Grace and Fury
by Banghart, Tracy

In an alternate world where women have no rights, two sisters face very different fates after an attempt to win the favor of the heir to the throne-one in the palace, the other on a volcanic prison island.

Tracy Banghart grew up in rural Maryland and spent her summers on a remote island in northern Ontario. All that isolation and lovely scenery gave her the time to read voraciously and the inspiration to write her own stories. Always a bit of a nomad, Tracy now travels the world Army-wife style with her husband, son, and several mischievous fur babies. She wrote Grace and Fury while living in Hawaii.

The Handmaid's Tale gets a YA twist in this debut, which splits its focus between two sisters. In Viridia, there is no queen; the Superior has a harem of Graces, held up as examples of the ideal woman. Serina Tessaro has spent her life training to have the qualities of such a Grace: soft, demure, acquiescent. The Heir of Viridia has come of age, and if Serina is selected as one of his Graces, it could mean an easier life for her family. But it's her younger sister, Nomi, who is chosen. Nomi has always pushed the boundary of what women are allowed, even going so far as learning to read. When she makes a dangerous mistake, Serina takes the blame and is sent to a prison on a volcanic island where inmates fight to the death. Meanwhile, Nomi must learn to navigate the equally deadly political world she's suddenly alone in. The pace is quick, the ending promises a sequel, and the plot couldn't be more relevant. Buy an extra copy-this should find an audience. Grades 7-10. Copyright 2018 Booklist Reviews.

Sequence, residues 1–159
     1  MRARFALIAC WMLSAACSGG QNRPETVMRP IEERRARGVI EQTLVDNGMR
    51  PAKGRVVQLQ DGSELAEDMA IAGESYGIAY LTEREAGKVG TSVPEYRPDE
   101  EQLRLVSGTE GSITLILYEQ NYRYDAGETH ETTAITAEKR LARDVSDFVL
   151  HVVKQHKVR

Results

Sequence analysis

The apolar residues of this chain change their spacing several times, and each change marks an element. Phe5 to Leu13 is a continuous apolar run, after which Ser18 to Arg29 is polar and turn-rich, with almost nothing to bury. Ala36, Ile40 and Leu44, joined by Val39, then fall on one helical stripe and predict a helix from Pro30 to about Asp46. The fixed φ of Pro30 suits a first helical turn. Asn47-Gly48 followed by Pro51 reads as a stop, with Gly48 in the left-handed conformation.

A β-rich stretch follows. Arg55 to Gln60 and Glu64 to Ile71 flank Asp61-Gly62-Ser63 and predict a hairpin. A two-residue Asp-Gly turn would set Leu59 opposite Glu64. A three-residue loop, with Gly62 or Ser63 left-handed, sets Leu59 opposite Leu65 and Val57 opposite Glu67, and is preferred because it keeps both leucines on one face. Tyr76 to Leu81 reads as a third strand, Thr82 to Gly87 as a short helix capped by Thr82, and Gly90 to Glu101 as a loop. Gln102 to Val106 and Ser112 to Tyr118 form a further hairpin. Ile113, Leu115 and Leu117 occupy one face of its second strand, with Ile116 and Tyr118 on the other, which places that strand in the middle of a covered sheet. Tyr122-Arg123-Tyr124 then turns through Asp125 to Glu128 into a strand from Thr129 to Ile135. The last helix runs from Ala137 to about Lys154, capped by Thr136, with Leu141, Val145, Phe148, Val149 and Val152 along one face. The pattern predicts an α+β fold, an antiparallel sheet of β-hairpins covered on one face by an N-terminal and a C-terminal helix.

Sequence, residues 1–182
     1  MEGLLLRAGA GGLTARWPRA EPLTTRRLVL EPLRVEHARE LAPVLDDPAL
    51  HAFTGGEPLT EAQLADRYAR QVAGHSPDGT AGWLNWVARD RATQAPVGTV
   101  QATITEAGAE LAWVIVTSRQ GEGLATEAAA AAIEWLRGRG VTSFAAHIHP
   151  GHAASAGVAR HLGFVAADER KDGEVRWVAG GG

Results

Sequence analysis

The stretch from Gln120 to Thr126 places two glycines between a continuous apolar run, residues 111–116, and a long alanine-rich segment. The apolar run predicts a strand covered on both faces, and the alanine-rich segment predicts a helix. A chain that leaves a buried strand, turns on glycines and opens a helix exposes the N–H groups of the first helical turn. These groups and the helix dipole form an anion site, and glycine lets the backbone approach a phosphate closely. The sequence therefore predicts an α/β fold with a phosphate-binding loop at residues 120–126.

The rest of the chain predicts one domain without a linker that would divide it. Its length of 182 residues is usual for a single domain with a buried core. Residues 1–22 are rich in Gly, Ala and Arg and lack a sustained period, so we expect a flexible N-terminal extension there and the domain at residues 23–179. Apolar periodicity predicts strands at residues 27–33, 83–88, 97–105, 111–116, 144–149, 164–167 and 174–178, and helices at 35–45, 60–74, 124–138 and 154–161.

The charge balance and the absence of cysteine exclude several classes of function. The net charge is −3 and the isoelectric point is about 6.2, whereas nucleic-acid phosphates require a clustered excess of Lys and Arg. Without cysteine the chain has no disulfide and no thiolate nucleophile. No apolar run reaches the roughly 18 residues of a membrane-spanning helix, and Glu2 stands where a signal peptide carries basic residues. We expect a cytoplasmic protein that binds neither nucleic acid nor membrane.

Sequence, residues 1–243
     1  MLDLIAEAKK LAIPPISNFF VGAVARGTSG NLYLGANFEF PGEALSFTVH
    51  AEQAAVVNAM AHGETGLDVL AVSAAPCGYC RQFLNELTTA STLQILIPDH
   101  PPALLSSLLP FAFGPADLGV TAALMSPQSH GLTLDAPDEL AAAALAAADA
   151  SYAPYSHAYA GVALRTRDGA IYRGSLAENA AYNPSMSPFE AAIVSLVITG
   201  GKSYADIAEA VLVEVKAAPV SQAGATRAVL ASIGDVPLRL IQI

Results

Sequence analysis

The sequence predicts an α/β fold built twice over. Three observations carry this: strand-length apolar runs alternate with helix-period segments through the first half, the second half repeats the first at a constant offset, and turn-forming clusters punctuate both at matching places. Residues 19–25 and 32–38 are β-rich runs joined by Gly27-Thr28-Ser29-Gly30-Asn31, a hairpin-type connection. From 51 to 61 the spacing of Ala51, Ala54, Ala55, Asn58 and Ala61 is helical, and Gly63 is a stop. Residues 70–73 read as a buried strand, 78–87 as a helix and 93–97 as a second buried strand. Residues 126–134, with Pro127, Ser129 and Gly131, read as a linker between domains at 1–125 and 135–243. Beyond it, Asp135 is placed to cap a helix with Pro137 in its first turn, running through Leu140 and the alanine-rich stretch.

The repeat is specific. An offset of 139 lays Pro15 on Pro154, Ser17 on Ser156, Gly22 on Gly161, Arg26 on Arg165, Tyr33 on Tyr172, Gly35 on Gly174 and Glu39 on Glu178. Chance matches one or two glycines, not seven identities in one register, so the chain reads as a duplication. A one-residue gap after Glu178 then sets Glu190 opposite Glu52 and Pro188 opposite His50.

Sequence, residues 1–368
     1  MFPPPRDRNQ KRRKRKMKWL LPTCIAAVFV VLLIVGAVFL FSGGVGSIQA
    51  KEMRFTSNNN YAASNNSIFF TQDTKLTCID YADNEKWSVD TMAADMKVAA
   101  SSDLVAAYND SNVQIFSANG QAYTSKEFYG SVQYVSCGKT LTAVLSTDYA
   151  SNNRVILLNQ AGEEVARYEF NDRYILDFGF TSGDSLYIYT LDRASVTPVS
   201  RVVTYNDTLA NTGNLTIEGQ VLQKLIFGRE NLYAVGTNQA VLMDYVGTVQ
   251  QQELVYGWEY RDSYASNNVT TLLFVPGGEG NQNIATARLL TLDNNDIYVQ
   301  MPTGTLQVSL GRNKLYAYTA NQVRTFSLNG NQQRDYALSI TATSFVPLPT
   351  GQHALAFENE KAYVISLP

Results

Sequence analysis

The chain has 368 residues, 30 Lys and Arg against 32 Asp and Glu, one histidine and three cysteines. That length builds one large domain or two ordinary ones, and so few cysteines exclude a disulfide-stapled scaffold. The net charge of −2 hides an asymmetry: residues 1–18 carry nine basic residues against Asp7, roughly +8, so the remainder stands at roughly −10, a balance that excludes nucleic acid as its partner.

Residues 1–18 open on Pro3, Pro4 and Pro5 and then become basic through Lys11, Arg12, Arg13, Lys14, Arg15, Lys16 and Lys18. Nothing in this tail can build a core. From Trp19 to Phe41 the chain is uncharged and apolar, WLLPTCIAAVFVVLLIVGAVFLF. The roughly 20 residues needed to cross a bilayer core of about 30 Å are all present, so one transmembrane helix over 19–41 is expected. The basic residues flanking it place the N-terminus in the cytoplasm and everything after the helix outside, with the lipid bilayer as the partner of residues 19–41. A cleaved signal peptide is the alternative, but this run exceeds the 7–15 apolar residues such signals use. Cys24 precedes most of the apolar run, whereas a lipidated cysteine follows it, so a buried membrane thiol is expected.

Two sisters test the bounds of their personal hells in an oppressive monarchy. In a world where factory work, servitude, and marriage are women's only other options, Serina hopes desperately to be selected as a Grace, an attendant to the Heir and a model of submissive womanhood. But Serina's unruly younger sister, Nomi, while serving as her handmaiden, accidentally sets off a series of events that results in the girls' being cruelly separated and faced with challenges they are each particularly ill-equipped to handle. What follows, unfolding in split plotlines from each sister's perspective, is an entertaining, if predictable, riff on some of youth literature's most popular trends. From palace intrigue and requisite love triangles to dystopian survival challenges and gruesome death matches, Grace and Fury has it covered. A nod at diversity feels gratuitous. Nomi notes, "The Superior didn't seem to have a specific standard of beauty: Some Graces had dark skin, others ghostly w hite," but all of the primary characters read as white. The girls' ruminations on sisterly womanhood, while welcome enough, are a bit pat; unsurprisingly, Serina and Nomi must join forces with other women to effect change. And, of course, there's the ending that isn't—readers should know that resolution will be withheld over at least one more installment. Fine fodder for fans of the genre but look elsewhere for something fresh. (Fantasy. 12-16) Copyright Kirkus 2018 Kirkus/BPI Communications. All rights reserved.

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